Blu-ray extras consist of the 1923 Hal Roach short Go West (with an all-monkey cast); an audio recording of Keaton discussing his story idea for the hit TV series Wagon Train; and restoration trailers.

Go West: ★★½

College: ★★★

Cinema Paradiso (Photo: Arrow)

CINEMA PARADISO (1988). An Oscar winner for Best Foreign Language Film, this Italian import is a movie of extraordinary passion, capturing the synergy which exists between the starry-eyed moviegoer and the medium he or she comes to worship. Like Federico Fellini’s Amarcord (reviewed here), writer-director Giuseppe Tornatore’s picture looks at the events that help shape a boy as he comes of age in his small hometown. Salvatore Cascio plays little Toto, whose best friend is Alfredo (Phillipe Noiret), the projectionist at the town’s only movie house. In most regards, Alfredo’s life is over: Poor and uneducated, he clings to his job as the only pleasure in what one feels was largely an unfulfilling existence. Toto, however, is young and full of promise, but he’ll eventually need to take that step to break away. Alfredo pushes Toto to do just that, and it’s the bond between this pair — as well as their love for the movies that grace the theater — that provides the picture with its emotional wallop. In 2002, the 124-minute original version was re-released in a 174-minute Director’s Cut, and both edits are included on Arrow’s exemplary Blu-ray release. As was the case with Apocalypse Now and Apocalypse Now Redux, less is more: The additional material changes the entire feel of the movie, making it less a heartfelt ode to cinema and more a familiar meditation on the vagaries of love (the extra footage largely centers on Toto as an adult, pining away for his childhood sweetheart). In its longer version, Cinema Paradiso is still an excellent film, just not a transcendent one.

Blu-ray extras include audio commentary by Tornatore and film scholar Millicent Marcus; a making-of piece; and trailers.

Theatrical Version: ★★★★

Director’s Cut: ★★★½

Buddy Baer in Giant from the Unknown (Photo: The Film Detective)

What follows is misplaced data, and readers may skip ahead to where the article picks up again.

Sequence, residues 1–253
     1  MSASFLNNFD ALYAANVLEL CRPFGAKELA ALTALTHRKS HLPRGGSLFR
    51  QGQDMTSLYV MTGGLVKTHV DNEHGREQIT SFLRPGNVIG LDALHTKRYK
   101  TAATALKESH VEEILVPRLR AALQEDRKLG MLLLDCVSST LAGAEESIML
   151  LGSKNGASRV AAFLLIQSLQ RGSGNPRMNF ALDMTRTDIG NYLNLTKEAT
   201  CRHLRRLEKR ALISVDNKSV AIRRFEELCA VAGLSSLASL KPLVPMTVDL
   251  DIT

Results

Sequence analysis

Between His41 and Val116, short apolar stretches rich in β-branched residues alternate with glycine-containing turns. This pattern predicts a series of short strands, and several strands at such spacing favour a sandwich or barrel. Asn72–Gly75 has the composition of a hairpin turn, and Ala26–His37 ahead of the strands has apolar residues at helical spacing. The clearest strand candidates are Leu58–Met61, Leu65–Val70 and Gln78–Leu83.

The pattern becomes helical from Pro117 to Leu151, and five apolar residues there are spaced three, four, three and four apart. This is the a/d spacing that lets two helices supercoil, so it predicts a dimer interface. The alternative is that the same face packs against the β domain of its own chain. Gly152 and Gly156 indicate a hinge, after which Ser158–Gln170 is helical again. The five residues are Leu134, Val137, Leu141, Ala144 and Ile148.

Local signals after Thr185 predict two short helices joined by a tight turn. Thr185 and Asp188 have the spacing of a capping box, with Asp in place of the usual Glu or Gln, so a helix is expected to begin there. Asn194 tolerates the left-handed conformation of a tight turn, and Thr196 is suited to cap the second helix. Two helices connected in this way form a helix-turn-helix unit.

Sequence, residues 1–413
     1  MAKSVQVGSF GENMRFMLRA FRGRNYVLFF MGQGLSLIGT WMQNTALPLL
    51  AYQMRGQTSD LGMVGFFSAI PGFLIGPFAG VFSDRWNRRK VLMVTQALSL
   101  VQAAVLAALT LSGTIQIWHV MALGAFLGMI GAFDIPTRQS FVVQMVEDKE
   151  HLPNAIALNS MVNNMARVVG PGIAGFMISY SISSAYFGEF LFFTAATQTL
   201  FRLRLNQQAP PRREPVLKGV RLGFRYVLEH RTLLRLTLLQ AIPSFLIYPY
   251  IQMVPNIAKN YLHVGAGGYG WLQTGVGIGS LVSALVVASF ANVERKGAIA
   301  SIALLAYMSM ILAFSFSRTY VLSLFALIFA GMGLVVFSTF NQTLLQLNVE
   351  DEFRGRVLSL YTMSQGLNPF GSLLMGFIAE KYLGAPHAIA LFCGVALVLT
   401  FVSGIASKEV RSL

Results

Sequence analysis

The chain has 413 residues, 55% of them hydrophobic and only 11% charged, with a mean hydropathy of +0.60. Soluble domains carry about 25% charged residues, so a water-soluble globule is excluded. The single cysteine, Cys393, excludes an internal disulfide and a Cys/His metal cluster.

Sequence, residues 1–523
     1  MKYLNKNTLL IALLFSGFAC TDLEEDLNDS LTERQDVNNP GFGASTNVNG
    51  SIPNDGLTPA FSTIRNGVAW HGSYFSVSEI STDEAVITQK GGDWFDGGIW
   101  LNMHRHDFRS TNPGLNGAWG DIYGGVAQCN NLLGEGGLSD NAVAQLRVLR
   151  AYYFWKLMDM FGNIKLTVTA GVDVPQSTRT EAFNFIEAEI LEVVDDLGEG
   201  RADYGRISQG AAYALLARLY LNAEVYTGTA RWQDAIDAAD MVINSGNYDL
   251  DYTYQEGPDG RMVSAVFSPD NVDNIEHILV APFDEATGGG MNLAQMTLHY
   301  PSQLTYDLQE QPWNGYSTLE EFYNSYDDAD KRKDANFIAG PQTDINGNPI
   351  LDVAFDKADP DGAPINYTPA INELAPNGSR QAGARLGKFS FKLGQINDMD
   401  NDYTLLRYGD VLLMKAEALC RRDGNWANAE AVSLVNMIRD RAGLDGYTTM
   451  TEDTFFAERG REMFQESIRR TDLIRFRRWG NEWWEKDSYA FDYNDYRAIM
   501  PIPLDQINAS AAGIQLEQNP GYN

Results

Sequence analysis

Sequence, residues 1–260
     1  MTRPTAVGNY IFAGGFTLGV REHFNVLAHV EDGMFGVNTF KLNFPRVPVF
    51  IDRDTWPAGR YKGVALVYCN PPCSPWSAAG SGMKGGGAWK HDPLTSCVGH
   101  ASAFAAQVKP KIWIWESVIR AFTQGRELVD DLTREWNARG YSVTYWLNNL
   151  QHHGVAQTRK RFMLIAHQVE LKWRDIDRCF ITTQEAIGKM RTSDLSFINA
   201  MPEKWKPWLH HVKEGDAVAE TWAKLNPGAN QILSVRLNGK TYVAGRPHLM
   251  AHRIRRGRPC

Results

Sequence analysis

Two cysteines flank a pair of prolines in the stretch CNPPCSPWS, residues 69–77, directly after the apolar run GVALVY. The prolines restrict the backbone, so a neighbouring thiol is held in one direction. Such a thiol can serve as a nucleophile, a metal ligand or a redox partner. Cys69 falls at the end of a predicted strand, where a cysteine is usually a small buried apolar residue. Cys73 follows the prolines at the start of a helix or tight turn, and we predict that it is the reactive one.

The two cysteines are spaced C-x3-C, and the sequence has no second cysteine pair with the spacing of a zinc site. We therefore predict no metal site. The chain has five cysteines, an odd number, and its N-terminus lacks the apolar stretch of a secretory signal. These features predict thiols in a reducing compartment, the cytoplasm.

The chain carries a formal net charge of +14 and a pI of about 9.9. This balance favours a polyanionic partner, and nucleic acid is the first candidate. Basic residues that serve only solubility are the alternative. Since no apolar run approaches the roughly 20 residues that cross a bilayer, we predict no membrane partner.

GIANT FROM THE UNKNOWN (1958). The big news regarding this low-budget effort is the participation of Jack Pierce. Arguably the greatest makeup artist Hollywood ever produced (I say arguably because cases can be made for Rick Baker and Lon Chaney), Pierce worked at Universal for decades, where he created the iconic monsters seen in such classics as 1931’s Frankenstein, 1932’s The Mummy, and 1941’s The Wolf Man. Pierce was eventually let go by the studio, and he spent the remainder of his years plying his trade on indie cheapies and television series, winding down his career as the staff makeup artist for TV’s Mister Ed. Giant from the Unknown finds him designing the look of the titular behemoth, a hulking Spanish conquistador who emerges from a 500-year stint in suspended animation and begins terrorizing a rural California town. Boxer Buddy Baer plays the awakened brute, veteran Western star Bob Steele co-stars as the doubting sheriff, and Gary Crutcher appears as a nerdy kid named Charlie Brown. Amusingly, one might wonder whether Arch Hall Sr., creator of 1962’s all-time turkey Eegah!, ripped off this movie, since each involves a hero, a damsel in distress, and the damsel’s father discovering a fearsome giant from Earth’s distant past. Unlike Eegah! (reviewed here), this one is average rather than incompetent, with decent performances but a pedestrian storyline.


Blu-ray extras consist of audio commentary by film historian Tom Weaver; audio commentary by Crutcher; a look at Steele’s career; an interview with Crutcher; and the theatrical trailer. It also comes with a booklet. For the hardcore fan, The Film Detective is also offering a limited edition set; this includes a calendar, bookmark, magnet, card deck, lapel pin, bonus Blu-ray, and a 1-year subscription to

Movie: ★★

Gloria Grahame and Jack Palance in Sudden Fear (Photo: Cohen)